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This page includes a number of additional resources relating to The Pirbright Institute's use of animals in scientific research including Understanding Animal Research's virtual tour, animal care and welfare posters and various video clips.

If you have any questions, please do contact us.


In 2017 Understanding Animal Research launched the 360 Laboratory Animal Tours project which offer the public a unique virtual tour of four animal research facilities that usually have restricted access to visitors.

The tour explores Pirbright’s research facilities in a similar way to the street view function in Google Maps, allowing users to move around and providing a 360 degree view. The tour also features videos of researchers, who explain why animals are so essential to their research, and animal technicians who are dedicated to ensuring high standards of welfare for the animals in their care.

If you have any questions about our work, please contact us.

Raising a concern within The Pirbright Institute's animal facilities

Animal welfare informationThe Pirbright Institute is committed to providing high standards of care and welfare for all animals held on site for scientific research. To ensure this commitment is met, it is vital that any concern relating to animal care, treatment or welfare is reported in a timely manner. Posters outlining the process for raising a concern are displayed in our animal units and in the Animal Services office.

Target training pigs within an Isolation Unit (a pilot study)

Target training pigs posterWithin this pilot study, pigs were target trained with positive reinforcement with an aim to improving the welfare of the animals housed at The Pirbright Insttiute and thus the quality of the research conducted.

Refinement: Promoting welfare in an experimental poultry unit

Promoting animal welfare posterThe poultry team at The Pirbright Institute reviewed existing husbandry practices, and trialled a number of refinement approaches. The objective is to provide the birds used in research with an environment which enables them to express their natural behaviours and habituates them towards human contact, including procedures, with the potential to reduce cumulative suffering. This is especially important for animals used in research as stress is known to alter physiological and immunological responses, which could affect the results from infectious disease research. This poster summarises refinement approaches, including enrichment products used in the commercial poultry industry and pet trade. Various items of enrichment have been introduced through observing natural behaviour and interest. This poster presents refinement approaches which have been subjectively assessed as being of benefit to the birds. Future work will consist of implementing a more objective assessment of benefit of these refinement approaches, such as quantitative behavioural assessment.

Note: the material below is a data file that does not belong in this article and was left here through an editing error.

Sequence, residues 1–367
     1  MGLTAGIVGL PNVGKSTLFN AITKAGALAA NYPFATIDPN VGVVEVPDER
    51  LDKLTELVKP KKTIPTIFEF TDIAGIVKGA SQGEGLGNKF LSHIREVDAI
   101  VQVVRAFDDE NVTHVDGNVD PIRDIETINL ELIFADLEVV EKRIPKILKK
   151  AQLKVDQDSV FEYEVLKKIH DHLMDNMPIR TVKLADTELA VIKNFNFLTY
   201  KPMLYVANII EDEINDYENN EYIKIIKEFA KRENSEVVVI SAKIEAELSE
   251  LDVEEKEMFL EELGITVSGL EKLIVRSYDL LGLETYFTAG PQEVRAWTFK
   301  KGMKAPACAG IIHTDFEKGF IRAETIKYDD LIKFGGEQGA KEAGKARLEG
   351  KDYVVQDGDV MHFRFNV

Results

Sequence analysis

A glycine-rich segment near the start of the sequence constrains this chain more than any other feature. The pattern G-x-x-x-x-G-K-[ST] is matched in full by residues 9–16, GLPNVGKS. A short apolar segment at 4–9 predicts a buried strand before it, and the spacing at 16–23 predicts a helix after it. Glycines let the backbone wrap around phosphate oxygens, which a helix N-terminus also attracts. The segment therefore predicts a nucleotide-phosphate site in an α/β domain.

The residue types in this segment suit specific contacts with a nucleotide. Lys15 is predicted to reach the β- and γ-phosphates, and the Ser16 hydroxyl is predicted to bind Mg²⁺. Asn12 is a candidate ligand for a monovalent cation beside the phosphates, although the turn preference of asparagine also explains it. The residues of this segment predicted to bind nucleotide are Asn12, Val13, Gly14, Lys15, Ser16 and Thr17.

Using daily weights as an indicator of poultry health and welfare in a research environment

Using daily weights as an indicator posterDuring the course of infectious disease research at The Pirbirght Institute, multiple parameters are used by Animal Technicians to assess the welfare of birds during disease progression. These have historically been subjective in nature, however a consistent, reproducible, quantitative measure of disease progression was desired. This study illustrates the initial results obtained from taking daily measurements of bird mass as a standard approach to assessing bird welfare. This includes the initial optimisation of the process, preliminary results from “normal” birds, and some immediate examples of how a review of daily weight gain has improved the early detection of avian health. Daily calibration, and separating bird weights according to sex allows background variation to be reduced. Daily weight gain assessment has also allowed early detection of ill health after infection with avian influenza to be detected, as well as an ability to differentiate procedure related from non-procedure related harms.

Refining identification methods of gallus gallus domesticus

Individual identification of birds used in scientific research at The Pirbright Institute has historically used invasive wing tags. This poster presents the first results of an ongoing study which seeks to replace the wing banding with non-invasive leg bands in a variety of ages of an inbred chicken breed.

The Pirbright Institute signed the Concordat on Openness on Animal Research and is committed to supporting clear, transparent and open communication and proactive public engagement on this subject.

With this in mind, The Pirbright Institute has installed a CCTV system into the high containment facility and in the future plans to share clips of animals housed at The Pirbright Institute for scientific research.

Back to Animals in research

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